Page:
Jim Aloisi’s latest piece on the MBTA in Commonwealth Magazine is really a must-read. Don’t take my too-long-didn’t-read summation here. While Aloisi praises the T staff that seem to be doing the best they can with inadequate resources, he takes Governor Baker to the woodshed. Since 2015, when he took ownership of an agency already in crisis, Baker has exhibited a lack of leadership in providing what it desperately needed: Funding.
If there has been a big disappointment in all of this it has come from the very top. The week after the derailment we had the governor and his transportation secretary assuring everyone who would listen that there’s enough money available for the repair and modernization program the system obviously needs. This “we don’t need more money” mantra continues despite the clear and acknowledged inability of the T to get more work out the door – largely a failure of insufficient resources that only additional revenue will provide.
More to the point, even the $8-9 billion available for repair and modernization over the coming five years is not enough to get the job done at either the pace or the scale necessary. Getting our public transportation system to a condition where it can properly support our economy and overall society means an investment in repair, modernization, and strategic connectivity projects on a schedule and at a scale well beyond current thinking. This isn’t hyperbole. That’s how you get out of a crisis. This transportation crisis is not the sole fault of the current administration; this failure has been decades in the making and bipartisan in nature. But it is the responsibility of this administration as the current caretakers of the public interest to act decisively in a manner that matches the need.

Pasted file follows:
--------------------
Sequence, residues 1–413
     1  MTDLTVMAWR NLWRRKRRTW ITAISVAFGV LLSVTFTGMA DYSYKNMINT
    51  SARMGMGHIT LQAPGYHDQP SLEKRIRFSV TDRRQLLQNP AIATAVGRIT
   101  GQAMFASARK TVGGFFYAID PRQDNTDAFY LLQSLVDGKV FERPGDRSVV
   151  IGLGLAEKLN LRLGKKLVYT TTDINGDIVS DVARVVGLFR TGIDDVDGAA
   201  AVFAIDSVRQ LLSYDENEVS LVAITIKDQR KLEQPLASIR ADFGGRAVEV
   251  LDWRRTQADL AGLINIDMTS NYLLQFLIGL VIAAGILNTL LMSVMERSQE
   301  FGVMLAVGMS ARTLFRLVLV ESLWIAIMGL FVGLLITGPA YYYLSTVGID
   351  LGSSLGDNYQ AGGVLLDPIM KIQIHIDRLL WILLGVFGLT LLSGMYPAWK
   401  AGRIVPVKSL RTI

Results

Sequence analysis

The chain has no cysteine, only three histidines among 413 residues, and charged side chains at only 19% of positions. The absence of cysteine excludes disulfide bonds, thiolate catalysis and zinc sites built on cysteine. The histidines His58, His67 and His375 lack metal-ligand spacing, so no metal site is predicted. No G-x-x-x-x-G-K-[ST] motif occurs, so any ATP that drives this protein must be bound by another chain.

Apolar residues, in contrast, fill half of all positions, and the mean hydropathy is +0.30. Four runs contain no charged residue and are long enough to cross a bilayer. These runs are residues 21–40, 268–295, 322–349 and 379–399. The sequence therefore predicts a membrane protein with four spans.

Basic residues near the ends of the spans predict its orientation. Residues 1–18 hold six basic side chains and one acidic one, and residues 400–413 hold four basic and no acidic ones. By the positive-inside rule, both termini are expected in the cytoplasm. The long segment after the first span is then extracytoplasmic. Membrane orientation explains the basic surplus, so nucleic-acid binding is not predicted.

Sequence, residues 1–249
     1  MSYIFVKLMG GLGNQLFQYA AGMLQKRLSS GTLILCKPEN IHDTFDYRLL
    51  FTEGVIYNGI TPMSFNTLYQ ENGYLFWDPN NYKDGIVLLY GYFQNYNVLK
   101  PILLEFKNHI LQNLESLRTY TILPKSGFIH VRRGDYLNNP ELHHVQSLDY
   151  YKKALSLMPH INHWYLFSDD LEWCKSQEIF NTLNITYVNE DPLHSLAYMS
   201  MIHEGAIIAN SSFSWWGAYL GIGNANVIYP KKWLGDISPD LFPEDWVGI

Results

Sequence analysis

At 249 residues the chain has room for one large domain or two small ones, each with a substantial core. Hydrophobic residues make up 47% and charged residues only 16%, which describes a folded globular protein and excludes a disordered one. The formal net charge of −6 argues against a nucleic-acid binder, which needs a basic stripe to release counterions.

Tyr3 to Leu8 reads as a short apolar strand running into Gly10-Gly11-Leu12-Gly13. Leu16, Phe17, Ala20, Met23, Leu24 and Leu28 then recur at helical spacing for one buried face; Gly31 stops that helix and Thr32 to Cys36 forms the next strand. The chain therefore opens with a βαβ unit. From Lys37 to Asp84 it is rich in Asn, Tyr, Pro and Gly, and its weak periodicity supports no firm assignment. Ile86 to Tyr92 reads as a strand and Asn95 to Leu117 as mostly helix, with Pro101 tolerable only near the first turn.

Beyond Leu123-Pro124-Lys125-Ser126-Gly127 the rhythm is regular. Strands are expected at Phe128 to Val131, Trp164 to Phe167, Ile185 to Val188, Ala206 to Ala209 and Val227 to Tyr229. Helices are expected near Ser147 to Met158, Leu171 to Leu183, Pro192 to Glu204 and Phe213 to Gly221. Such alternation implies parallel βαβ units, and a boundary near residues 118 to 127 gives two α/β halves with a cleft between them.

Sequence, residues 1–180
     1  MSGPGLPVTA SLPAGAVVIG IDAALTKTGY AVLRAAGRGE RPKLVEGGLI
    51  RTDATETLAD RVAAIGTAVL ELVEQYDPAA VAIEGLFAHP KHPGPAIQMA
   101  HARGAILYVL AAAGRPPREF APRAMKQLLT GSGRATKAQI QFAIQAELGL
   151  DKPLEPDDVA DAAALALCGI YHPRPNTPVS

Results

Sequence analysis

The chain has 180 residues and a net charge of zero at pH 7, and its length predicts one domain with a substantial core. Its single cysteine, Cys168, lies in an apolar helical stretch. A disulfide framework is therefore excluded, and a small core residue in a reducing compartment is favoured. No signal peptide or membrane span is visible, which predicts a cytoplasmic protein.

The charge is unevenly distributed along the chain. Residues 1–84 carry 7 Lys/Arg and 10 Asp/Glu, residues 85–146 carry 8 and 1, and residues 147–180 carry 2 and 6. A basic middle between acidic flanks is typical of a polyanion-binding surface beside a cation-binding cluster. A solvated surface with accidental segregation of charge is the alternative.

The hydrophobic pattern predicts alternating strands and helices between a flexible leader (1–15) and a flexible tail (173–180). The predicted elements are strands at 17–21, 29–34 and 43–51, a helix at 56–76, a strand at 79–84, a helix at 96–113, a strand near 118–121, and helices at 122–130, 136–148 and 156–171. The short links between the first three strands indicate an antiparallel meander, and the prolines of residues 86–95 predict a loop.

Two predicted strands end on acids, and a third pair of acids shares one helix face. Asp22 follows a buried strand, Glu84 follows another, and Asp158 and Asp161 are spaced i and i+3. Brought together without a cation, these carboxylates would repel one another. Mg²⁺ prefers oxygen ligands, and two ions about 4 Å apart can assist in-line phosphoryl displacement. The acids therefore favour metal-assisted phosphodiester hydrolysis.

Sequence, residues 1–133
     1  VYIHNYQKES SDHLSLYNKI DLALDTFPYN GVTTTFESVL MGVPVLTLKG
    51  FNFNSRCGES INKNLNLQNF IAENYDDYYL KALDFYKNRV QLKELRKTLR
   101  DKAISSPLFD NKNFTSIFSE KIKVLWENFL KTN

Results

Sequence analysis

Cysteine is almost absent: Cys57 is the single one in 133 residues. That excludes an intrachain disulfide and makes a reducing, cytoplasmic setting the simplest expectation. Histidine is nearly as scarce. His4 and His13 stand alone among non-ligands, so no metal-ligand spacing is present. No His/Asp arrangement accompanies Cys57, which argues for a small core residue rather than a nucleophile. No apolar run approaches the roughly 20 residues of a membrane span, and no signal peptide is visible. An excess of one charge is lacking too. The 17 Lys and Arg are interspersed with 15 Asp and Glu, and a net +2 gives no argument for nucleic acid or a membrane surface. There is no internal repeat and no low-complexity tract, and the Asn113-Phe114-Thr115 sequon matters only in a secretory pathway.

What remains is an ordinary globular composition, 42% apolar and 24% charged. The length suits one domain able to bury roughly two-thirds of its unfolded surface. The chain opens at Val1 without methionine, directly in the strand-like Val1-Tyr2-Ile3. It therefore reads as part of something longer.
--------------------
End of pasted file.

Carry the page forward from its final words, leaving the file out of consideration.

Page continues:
Like George H.W. Bush’s ill-fated “no new taxes” pledge, Gov. Baker’s insistence that we could get by cheaply was doomed to failure. Whether out of ideological rigidity or genuine wishful thinking, I’m sure it seemed politically safe in 2015 to Baker. In fact, it was an enormous gamble, with both Governor Baker’s political “capital” and a functional transit system pushed to the center of the table.
As John Walsh pointed out on Twitter (and has been doing for years), the legislature is equally if not more culpable for penny-wise/pound-foolish austerity — and blaming leadership is no excuse. State reps haven’t used their leverage to effect tangible change on behalf of their T-riding constituents, instead choosing to tread water and keep their committee positions. That was also a years-long gamble that did not pay off.
Perhaps today is a new day; I see new reps Tami Gouveia, Tommy Vitolo, and Maria Robinson (et al) prominently championing the T; the Speaker claims to want to pass interim funding before the Grand Arrival of the Millionaire’s Tax some years hence. Grand.
But all this is late. Years late. “We don’t need more money” was a bluff that’s now being called. Someone tell the Governor.